DENVER -- Rockies left-handed pitcher Tyler Anderson sat in the Dodger Stadium visiting dugout, watching all of a raucous celebration and enjoying none of it.Anderson had started the Sunday afternoon game that ended with the Dodgers' Charlie Culberson's 10th-inning home run for a 4-3 victory. The Dodgers celebrated the homer
DENVER -- Rockies left-handed pitcher Tyler Anderson sat in the Dodger Stadium visiting dugout, watching all of a raucous celebration and enjoying none of it.
Anderson had started the Sunday afternoon game that ended with the Dodgers' Charlie Culberson's 10th-inning home run for a 4-3 victory. The Dodgers celebrated the homer that clinched the National League West and waved a heartfelt goodbye to retiring broadcaster Vin Scully. Anderson sat, stewed and dreamed.
"I wanted to see how they did it, because everyone on this team believes that's going to be us next year," Anderson said at the time.
The Rockies hope those are prophetic words. Anderson proved last season during a solid rookie campaign (5-6, 3.54 ERA in 19 starts) that if forced to sit and watch, he can apply the lessons when he's back in action.
Anderson, the Rockies' top pick in the 2011 Draft, was limited to 89 2/3 innings in Class A in 2013 because of a left elbow stress fracture. At Double-A Tulsa in 2014, he went 7-4 with a 1.98 ERA in 23 starts before being shut down, as it turned out the fracture hadn't healed properly. The Rockies held him out of the 2015 season to make sure the problem was corrected.
But Anderson used that time for detailed observation.
When Anderson wasn't rehabbing at the team's training center Scottsdale, Ariz., the Rockies kept him with Triple-A Albuquerque. Rockies righty Tyler Chatwood and veteran lefty John Lannan, who spent 2015 with Albuquerque, were valuable mentors.
"I would really spend my time watching the Rockies game at home or with the Albuquerque team," Anderson said. "When I was in Scottsdale, I was texting with Chatwood a lot about games and talking to Lannan a lot when I was in Albuquerque.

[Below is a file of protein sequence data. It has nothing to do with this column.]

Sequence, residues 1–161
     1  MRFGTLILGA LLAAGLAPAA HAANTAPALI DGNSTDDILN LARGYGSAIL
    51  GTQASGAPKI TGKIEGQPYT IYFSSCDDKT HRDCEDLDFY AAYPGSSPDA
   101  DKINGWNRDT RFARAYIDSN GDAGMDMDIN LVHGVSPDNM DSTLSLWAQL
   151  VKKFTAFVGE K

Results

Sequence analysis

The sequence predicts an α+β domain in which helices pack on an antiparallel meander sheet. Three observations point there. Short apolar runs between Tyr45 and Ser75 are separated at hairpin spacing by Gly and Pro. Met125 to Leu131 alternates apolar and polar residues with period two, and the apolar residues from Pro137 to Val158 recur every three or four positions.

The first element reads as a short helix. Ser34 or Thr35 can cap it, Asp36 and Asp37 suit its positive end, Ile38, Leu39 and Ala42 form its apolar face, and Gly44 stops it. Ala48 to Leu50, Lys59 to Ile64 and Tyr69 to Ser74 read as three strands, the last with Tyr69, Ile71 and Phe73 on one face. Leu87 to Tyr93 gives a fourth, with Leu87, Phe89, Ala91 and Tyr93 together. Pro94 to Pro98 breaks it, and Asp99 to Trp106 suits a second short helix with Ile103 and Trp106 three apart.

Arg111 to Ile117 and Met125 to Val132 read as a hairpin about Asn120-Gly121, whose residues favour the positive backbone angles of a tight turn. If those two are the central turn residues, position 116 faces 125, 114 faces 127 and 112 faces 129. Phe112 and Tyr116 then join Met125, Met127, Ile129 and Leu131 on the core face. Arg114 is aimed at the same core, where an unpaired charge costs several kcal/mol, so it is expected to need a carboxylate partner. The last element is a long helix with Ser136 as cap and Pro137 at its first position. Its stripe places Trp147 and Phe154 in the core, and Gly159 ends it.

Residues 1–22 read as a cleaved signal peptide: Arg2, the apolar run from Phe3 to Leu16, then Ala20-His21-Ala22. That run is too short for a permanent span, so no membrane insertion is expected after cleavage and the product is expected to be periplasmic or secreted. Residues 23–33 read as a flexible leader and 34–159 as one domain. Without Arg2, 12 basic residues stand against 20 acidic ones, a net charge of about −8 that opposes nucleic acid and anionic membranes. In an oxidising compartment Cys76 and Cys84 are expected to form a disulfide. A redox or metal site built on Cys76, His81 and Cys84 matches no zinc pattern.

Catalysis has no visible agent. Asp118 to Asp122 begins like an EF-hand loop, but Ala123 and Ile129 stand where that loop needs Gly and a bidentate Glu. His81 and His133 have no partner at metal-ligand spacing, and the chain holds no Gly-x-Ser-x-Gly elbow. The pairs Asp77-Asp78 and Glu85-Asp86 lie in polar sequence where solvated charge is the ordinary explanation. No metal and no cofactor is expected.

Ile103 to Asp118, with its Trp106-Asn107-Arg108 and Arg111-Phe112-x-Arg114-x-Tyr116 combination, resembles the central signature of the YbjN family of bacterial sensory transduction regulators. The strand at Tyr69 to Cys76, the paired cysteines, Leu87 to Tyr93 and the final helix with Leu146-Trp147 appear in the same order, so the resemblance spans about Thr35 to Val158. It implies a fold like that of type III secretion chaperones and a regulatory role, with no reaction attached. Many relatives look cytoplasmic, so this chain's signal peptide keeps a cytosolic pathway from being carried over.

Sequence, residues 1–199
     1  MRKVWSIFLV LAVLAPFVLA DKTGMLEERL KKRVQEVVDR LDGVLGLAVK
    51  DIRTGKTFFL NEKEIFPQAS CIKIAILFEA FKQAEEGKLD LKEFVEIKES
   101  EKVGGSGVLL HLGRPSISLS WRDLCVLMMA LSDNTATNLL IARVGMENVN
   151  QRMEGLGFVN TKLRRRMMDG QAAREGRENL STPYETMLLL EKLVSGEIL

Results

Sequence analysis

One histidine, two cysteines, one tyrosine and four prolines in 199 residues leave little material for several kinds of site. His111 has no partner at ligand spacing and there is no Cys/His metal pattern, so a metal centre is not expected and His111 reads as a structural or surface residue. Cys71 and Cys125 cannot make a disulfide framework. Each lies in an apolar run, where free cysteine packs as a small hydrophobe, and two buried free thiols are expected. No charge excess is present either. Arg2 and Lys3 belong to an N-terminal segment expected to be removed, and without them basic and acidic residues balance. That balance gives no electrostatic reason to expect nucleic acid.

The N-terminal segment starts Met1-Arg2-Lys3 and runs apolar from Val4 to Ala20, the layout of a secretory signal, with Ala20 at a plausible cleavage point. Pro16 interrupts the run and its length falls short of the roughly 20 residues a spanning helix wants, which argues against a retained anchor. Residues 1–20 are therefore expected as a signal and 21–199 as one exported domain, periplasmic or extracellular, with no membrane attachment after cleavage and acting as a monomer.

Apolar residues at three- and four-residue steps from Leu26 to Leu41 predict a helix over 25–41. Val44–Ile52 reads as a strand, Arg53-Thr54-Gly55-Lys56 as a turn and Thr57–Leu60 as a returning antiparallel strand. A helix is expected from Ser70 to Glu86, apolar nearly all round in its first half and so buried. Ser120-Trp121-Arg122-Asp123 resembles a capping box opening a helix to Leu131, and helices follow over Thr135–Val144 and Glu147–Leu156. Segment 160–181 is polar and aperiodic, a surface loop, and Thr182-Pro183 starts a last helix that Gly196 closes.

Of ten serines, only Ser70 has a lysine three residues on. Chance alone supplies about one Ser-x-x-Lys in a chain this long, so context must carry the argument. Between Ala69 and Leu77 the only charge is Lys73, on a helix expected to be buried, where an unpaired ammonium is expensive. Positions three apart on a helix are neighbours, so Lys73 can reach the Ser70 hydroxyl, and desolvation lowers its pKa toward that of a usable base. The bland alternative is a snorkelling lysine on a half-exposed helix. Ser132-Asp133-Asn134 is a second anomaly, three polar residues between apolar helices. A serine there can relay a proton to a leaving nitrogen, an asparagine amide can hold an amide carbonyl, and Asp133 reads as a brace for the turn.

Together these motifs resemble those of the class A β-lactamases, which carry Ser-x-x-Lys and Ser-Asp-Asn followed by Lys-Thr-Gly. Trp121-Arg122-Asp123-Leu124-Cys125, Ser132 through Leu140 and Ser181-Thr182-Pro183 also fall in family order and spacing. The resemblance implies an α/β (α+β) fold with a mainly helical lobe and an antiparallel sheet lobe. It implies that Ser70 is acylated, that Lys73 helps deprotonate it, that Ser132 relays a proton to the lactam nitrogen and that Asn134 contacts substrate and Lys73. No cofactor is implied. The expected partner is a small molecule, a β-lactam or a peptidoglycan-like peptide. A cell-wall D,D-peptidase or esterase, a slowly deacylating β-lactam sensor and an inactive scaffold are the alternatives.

"It was nothing really in specific -- just a constant flow of learning."
Entering last spring, the Rockies viewed a finally healthy Anderson as a legitimate candidate for the season-opening rotation. But another injury -- a right oblique strain -- forced him into another waiting period.
"Last spring, I was frustrated with the oblique injury, not because I wanted to break with the team, but because I was finally starting to pitch for the first time in over a year," Anderson said. "It was easy to stay positive with the guys that surround us with the Rockies. Every player and every staff member at each level helps you directly or indirectly, in one way or another."
After six Minor League rehab starts, Anderson debuted by holding the Padres to one run and six hits in 6 1/3 innings, but he didn't figure in the decision in a 2-1 Rockies victory on June 12. Anderson went at least 5 2/3 innings and gave up three or fewer runs in his first six starts. On July 9, he held the Phillies to two runs on nine hits in six innings, and he went 2-for-2 with his first home run since high school while earning his first win, 8-3, at Coors Field.
"I don't even know what happened that day," Anderson said, jokingly.
Anderson, 27, is part of a young rotation that has the Rockies excited, partly because Coors Field did not bother him. Anderson went 5-2 with a 3.00 ERA at home. In fact, he, fellow rookie Jon Gray and Chad Bettis all were markedly better at home than on the road.
From his callup to season's end, Anderson led Major League rookies in innings pitched (114 1/3) and fielding-independent pitching (3.64), and was second in ERA (3.54) and fourth in strikeouts (99). He finished with 7.8 strikeouts per nine innings against 2.2 walks per nine.
Anderson's calling card is a four-seam fastball with enough late movement to produce weak contact, and a 50.9 percent ground-ball rate.
A Las Vegas native and former University of Oregon star, Anderson showed all that time spent watching was not wasted.
"I never really knew what it would take to contribute to the big league team," he said. "My thought process has always been to try and help the team win wherever I was. That's a lot harder to do when you're banged up."
Thomas Harding has covered the Rockies since 2000, and for MLB.com since 2002. Follow him on Twitter @harding_at_mlb, listen to podcasts and** like his Facebook page**.